AL­MOST SE­CRET PARIS

Love Paris, but hate crowds? Check out lesser-known but lovely sites in the City of Light

The Sunday Telegraph (Sydney) - Escape - - DESTINATION FRANCE - ALEX LALAK

Paris is a mag­net for tourists and they usu­ally ar­rive with match­ing itin­er­ar­ies – Notre Dame, Eif­fel Tower, Musée D’Or­say – the list goes on. This means there are of­ten epic queues to get into the big­gest mu­se­ums and long wait­ing times to ac­cess the city’s at­trac­tions, par­tic­u­larly in peak sea­son.

But there are great al­ter­na­tives through­out the city of­fer­ing as much charm as more fa­mous sites with­out the mad­den­ing crowds. Make the most of your Paris hol­i­day with this guide to some of the best.

CHÂTEAU DE FONTAINEBLEAU

The Palace of Ver­sailles will al­ways lure tourists but the equally grand Château de Fontainebleau, just south of Paris, is a more in­ter­est­ing op­tion. The res­i­dence of French mon­archs for cen­turies, this palace was re­stored by Napoleon af­ter the rev­o­lu­tion and is now a pro­tected land­mark.

Elab­o­rate in­te­ri­ors and the art col­lec­tion are key draw­cards but make sure to al­low time for a wan­der in sprawl­ing gar­dens spread across 130ha around the chateau.

It’s also great value at only €11 (about $A16) a ticket, mak­ing it a much cheaper op­tion than Ver­sailles. MUSEE-CHATEAU-FONTAINEBLEAU.FR

MONTPARNASSE TOWER

Smart Parisians know the Eif­fel Tower isn’t the only, or the best, way to glimpse a view of the rooftops of Paris.

Wave good­bye to the hordes of tourists and in­stead head south to the tallest of­fice build­ing near the cen­tre of the city, the 210m-high sky­scraper, Montparnasse Tower.

Get the lift to the Panoramic Ob­ser­va­tion Deck at the top and be­hold a truly spec­tac­u­lar view of the city that in­cludes the mag­i­cal sight of Gus­tave Eif­fel’s mas­ter­piece. TOURMONTPARNASSE56.COM/EN/

THE BASILICA OF SAINT DE­NIS

Notre-Dame Cathe­dral is spec­tac­u­lar and worth see­ing, yet its throngs of vis­i­tors are enough to de­ter even the most en­thu­si­as­tic sight­seer.

In­stead, take the metro to the sub­urb of Saint De­nis, just north of Paris, to see a church con­sid­ered by many lo­cals to be the city’s most beau­ti­ful and im­por­tant, the Basilica of Saint De­nis. It boasts stun­ning stained glass win­dows and was the burial place for more than 100 French roy­als (in­clud­ing Louis XVI and Marie-An­toinette), as well as be­ing Joan of Arc’s favourite church. It’s also home to the pre­served heart of Louis XVII, still on dis­play. SAINT-DE­NIS-BASILIQUE.FR/EN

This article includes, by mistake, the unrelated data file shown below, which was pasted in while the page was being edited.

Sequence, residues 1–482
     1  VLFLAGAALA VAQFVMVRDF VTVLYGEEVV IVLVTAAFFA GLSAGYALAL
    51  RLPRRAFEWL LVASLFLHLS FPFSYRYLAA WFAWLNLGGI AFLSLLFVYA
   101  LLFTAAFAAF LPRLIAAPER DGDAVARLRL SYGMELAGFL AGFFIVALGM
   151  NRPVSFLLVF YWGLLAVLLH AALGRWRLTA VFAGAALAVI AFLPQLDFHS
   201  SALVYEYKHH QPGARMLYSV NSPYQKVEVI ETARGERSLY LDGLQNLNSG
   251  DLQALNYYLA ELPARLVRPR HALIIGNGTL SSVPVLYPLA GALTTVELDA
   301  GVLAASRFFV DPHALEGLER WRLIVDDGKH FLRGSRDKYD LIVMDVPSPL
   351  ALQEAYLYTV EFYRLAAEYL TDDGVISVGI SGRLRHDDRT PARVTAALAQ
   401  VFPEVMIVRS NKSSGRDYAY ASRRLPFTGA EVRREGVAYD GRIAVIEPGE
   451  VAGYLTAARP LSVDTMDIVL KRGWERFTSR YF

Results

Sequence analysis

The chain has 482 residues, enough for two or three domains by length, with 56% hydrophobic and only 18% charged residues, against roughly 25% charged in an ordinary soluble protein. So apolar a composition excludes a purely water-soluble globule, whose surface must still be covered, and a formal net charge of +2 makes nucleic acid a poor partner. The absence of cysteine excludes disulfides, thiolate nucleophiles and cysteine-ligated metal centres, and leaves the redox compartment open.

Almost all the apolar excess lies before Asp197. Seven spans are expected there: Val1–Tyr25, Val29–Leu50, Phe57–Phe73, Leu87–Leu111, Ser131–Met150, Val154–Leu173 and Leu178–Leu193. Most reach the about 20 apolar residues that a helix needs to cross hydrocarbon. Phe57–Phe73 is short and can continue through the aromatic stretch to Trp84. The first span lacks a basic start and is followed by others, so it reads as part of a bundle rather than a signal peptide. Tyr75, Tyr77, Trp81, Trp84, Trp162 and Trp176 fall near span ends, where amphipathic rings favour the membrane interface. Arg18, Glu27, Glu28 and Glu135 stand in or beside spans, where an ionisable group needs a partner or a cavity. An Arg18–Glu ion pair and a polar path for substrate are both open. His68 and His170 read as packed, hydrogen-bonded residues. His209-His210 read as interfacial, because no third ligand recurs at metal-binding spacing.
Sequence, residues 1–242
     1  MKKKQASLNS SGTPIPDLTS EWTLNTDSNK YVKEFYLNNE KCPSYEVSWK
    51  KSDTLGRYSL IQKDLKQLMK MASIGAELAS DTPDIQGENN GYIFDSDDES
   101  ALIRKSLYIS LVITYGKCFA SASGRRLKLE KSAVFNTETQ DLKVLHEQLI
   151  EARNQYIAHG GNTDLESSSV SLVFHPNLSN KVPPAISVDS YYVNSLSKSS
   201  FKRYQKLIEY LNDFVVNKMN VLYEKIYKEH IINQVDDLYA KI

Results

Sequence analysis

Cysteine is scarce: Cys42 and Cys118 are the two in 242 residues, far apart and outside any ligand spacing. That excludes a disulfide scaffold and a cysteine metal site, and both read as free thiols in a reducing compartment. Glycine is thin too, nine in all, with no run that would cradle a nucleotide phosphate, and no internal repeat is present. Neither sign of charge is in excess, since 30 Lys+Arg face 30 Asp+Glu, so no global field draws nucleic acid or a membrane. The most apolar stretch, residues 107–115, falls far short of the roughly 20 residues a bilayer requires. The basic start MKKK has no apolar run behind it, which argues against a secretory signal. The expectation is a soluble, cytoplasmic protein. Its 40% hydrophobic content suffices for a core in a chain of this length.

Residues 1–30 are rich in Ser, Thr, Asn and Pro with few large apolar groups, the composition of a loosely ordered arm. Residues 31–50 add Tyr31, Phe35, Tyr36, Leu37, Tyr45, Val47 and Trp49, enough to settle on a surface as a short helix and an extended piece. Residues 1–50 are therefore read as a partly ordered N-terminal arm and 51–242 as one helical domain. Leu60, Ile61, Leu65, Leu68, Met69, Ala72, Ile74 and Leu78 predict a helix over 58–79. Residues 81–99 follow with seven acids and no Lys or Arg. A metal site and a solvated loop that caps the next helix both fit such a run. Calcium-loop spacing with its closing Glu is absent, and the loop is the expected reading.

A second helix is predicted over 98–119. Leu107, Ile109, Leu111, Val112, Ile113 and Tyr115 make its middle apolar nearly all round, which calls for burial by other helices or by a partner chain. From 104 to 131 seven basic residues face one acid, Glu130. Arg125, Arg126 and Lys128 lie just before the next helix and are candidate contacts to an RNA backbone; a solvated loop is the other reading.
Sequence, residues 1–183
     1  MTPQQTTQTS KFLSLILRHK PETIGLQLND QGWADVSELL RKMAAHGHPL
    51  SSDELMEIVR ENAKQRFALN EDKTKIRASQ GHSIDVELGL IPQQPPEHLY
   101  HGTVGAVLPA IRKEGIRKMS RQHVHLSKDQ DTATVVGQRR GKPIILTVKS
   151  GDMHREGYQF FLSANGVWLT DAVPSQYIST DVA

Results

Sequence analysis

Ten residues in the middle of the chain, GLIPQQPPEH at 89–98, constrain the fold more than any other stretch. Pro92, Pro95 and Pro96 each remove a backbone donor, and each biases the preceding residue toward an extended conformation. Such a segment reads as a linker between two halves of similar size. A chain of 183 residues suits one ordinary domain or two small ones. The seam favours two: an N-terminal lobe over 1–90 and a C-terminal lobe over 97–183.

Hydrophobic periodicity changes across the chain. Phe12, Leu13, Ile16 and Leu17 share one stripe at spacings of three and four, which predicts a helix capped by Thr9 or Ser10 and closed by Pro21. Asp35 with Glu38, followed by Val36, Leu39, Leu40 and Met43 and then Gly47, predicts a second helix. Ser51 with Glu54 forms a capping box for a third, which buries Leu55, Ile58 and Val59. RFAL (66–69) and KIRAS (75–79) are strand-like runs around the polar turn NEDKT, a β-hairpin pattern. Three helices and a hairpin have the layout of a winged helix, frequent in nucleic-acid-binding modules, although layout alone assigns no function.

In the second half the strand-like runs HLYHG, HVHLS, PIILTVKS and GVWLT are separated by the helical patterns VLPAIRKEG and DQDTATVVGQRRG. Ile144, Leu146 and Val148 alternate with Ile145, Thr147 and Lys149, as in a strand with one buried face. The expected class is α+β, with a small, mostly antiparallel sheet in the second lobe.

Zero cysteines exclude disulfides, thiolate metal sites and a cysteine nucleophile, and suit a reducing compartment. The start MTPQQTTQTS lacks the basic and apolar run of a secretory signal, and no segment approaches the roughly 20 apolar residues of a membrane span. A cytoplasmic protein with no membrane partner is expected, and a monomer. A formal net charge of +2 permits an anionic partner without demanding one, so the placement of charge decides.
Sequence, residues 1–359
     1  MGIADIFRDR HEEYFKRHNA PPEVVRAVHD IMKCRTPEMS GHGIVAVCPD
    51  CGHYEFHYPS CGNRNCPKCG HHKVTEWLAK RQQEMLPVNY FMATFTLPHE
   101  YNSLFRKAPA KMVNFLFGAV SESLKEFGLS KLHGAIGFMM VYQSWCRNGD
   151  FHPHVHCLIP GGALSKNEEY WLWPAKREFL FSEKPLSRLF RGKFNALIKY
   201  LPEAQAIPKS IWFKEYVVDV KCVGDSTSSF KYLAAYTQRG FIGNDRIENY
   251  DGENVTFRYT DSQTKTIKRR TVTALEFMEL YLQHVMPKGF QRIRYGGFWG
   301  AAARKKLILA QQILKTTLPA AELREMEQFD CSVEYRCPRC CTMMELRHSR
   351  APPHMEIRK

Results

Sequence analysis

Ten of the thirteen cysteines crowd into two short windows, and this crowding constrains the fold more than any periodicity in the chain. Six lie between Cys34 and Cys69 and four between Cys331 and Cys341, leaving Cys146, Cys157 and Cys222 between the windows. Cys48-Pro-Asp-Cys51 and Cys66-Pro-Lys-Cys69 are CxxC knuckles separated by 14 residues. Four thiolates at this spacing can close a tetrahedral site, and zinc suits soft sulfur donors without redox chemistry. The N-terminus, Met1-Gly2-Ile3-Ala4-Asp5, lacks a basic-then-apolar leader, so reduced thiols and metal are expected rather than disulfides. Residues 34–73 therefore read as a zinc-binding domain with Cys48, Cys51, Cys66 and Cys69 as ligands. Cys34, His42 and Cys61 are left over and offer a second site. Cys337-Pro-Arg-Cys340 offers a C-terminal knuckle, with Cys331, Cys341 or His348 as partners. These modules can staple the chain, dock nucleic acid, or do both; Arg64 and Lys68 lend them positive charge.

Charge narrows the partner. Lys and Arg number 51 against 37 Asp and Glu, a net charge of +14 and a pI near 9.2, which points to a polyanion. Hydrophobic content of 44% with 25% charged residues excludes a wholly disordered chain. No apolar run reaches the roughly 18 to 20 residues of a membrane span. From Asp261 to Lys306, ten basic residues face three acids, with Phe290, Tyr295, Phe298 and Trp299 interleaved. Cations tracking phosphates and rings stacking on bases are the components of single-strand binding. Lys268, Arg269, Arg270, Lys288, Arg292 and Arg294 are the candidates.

MUSÉE MARMOTTAN MONET

For­get shuf­fling through the crowded gal­leries at the Musée d’Or­say to catch a glimpse of Claude Monet’s fa­mous wa­ter lily paint­ings and in­stead head to the of­ten over­looked Musée Marmottan Monet, which boasts one of the best col­lec­tions of im­pres­sion­ist art in the world.

If you time it right, you might get to spend time alone with some of the Monet paint­ings on dis­play here but make sure you save some time to also en­joy the ex­tra­or­di­nary work by his equally fa­mous con­tem­po­raries in­clud­ing Renoir, De­gas and Gau­gin. MARMOTTAN.FR/UK/

PARC DES BUTTES CHAUMONT

There are beau­ti­ful parks through­out Paris and one of the most pop­u­lar is the Tui­leries Gar­den that sits be­tween the Lou­vre and the Place de la Con­corde. But if the crowds get too much try a wan­der in the Parc des Buttes Chaumont in the city’s east.

A favourite with lo­cals, this park fea­tures a large lake at its cen­tre and is the per­fect spot for a re­laxed pic­nic.

If you’re feel­ing en­er­getic, climb up the hill to the Tem­ple de la Sibylle, which af­fords spec­tac­u­lar views of the park and be­yond. EQUIPEMENT.PARIS.FR/PARC-DES-BUTTES -CHAUMONT-1757

PALAIS DE TOKYO

The per­ma­nent art col­lec­tion at the Cen­tre Ge­orges Pom­pi­dou is one of the best (and largest) in the world. But if you’re look­ing for a con­tem­po­rary ex­hi­bi­tion on a less in­tim­i­dat­ing scale head to Palais de Tokyo. This edgy mu­seum of­fers ever-chang­ing care­fully cu­rated dis­plays – just the thing for an hour of cul­ture that isn’t too over­whelm­ing. PALAISDETOKYO.COM/EN

CRUISE ON CANAL SAINT MARTIN

Each day thou­sands of tourists pack on to the open-topped boats that ferry up and down the river Seine, but a more en­joy­able op­tion is to skip the masses in favour of a cruise along the Canal Saint Martin.

The leafy wa­ter­way in the city’s north­east (fea­tured in many French films in­clud­ing Amelie) is a beau­ti­ful set­ting, and float­ing along on a boat run by Canauxrama at twi­light with a glass of rose in hand is the per­fect way to spend a Parisian af­ter­noon. CANAUXRAMA.COM/EN

EAT­ING AL­TER­NA­TIVES

Baguette – Skip the queues at Poilâne and try the award-win­ning bread at Tout Au­tour du Pain

Mac­arons – Head to Pierre Herme for these sweet treats rather than tourist favourite Ladurée (pier­re­herme.com).

Hot choco­late – Avoid the crowds at the fa­mous An­gelina and try tea salon Jac­ques Genin (jacques­genin.fr/).

Steak Frites – Re­lais de l’En­trecôte de­serves its fame but Le Petit Cler is a great al­ter­na­tive (lep­etit­cler.com).

PIC­TURES: SUP­PLIED

Away from the tourist mad­ness, Paris has more won­der­ful parks, palaces and wa­ter­ways if you know where to look.

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